June in the Texas Panhandle means that it is time for all the farmers to get to getting and start planting milo. This year was definitely an interesting one with all the rain that we have been receiving. The fields were becoming what farmers call wooly. Calling a field wooly means there is a lot of unwanted vegetation, which can cause many problems. Issues such as vegetation regrowing after plowing and the ground becoming too hard or entangled with roots to plow can arise. However, since the invention of the airplane, the solution to this problem is actually quite simple.
Dust cropping has been around since the 1950s and has been an asset to the farmers in the plains ever since. The process involves putting booms on an airplane, much like the ones you would see on a sprayer tractor, and flying over the fields spraying weeds. This was first tried post-WW2 and was proven to be quite successful. In the 1950s, the first airplanes were designed with the sole purpose of dust cropping. It was quite a sight to behold as someone who has never seen this process up and personal. These pilots need to have some very serious skills to perform the task. They fly low to the ground avoiding highline pools and tall buildings. They perform a very tight turn at the end of the field and make off on their next pass. It makes sense that many of the first dust croppers were WW2 air force veterans.
After the dust croppers finish their tasks, the weed and unwanted vegetation in the fields will die. The herbicide used on the plants disintegrates as they go through their half-lives. The dead plant material is then tilled into the field when the plows make their passes. The dead plant material ends up being a source of nutrition and compost of sorts for the crops planted in the field.
Sam and I worked as a team knocking out the fields one at a time. First, we started by planting hay. Then after we moved on to planting milo, a grain crop. In order to plant the fields as efficiently as possible, we both work at the same time in different tractors. Sam goes first in his plow, which is much bigger than the planter I was working on. This enables Sam to get ahead of me even though he is slower than I am in his tractor. Planting this way also has a considerable advantage in getting the plant seeds to sprout. Remember that we had quite a bit of rain this summer (you can read the previous newsletter to hear about the rains), enabling us to set up perfect timing for our seedlings. We can wait for the ground to become dry enough to avoid mud yet wet enough to get our plant out of the ground. Sam goes right before me in the plow, so the seed will get in the ground before the soil dries out.
There is always a large amount of work that goes into planting each year, not only in the fields and planting but also working on the tractors. We spent a reasonable amount of time before planting, preparing, and fixing the tractors, getting them ready to do the work. Before I ever started working on the ranch, I never fully realized how much work farmers do on their tractors. Tractors take a beating every time they perform their function. As a result, they are breaking down quite often. The cost of having a mechanic out or taking the machine in is enormous. As a result, most farmers work on their machines themselves. Even already, I have learned so much about fixing these machines because it is simply something you must do as a farmer.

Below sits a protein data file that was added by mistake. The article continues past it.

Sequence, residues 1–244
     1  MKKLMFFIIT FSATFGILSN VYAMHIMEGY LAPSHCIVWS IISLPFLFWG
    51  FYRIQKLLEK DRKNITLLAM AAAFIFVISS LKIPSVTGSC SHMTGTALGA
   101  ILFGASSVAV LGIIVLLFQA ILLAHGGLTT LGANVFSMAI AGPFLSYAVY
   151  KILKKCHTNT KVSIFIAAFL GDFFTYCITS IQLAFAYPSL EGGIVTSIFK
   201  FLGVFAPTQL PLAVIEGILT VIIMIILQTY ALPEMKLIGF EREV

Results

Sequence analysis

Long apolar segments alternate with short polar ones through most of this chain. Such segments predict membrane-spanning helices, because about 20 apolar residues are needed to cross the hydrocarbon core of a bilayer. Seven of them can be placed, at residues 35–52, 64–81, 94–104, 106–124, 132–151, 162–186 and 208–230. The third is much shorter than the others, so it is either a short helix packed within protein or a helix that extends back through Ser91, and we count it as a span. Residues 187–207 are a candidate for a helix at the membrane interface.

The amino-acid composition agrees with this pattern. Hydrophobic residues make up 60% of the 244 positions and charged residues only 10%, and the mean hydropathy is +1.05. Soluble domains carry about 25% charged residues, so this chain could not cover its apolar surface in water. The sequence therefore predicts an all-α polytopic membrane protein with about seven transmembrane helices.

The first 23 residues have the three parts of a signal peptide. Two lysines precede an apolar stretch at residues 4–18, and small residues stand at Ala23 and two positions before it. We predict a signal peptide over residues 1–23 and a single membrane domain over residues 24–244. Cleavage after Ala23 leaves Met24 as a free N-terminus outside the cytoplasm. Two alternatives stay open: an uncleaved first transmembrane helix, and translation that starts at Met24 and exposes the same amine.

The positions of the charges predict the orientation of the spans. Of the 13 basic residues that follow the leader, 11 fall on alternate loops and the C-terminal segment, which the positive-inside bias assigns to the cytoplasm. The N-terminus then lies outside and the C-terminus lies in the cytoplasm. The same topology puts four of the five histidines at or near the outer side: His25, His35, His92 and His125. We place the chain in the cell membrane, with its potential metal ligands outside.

As I’m writing this to you, reader, the good news is that I can confirm that we have seed sprouts coming out of the ground. This is great news, and with a little bit of rain this summer, we will have plenty of food to feed our herd. Both the milo and the hay will go towards keeping our herd happy. I can also confirm that the wheat we planted last fall is being harvested with a pretty good yield.
Happy Independence, America! This 4th is a time to remember all that we have as Americans. It is a time to remember that freedom is not free. At TriTails, we give thanks to our military and first responders. We offer all military and first responders a 20% off discount code as thanks for your sacrifice.
This is also a time to remember that, as an American, you have a right to eat beef. We are blessed as ranchers with amazing lands to raise a herd on. We have the skills and expertise to offer some of the best beef in the world. As Americans, no government shall infringe on the right for you to eat beef and for us to grow beef. It is amazing to hear stories worldwide in places like New Zealand and Ireland, where they consider destroying large cattle herds. Monstrous globalist countries are precisely why we need to celebrate our freedom more than ever. Let us take this opportunity to thank you for supporting us and God for blessing us in this great country. We are free to grow cattle and make delicious beef. God Bless America!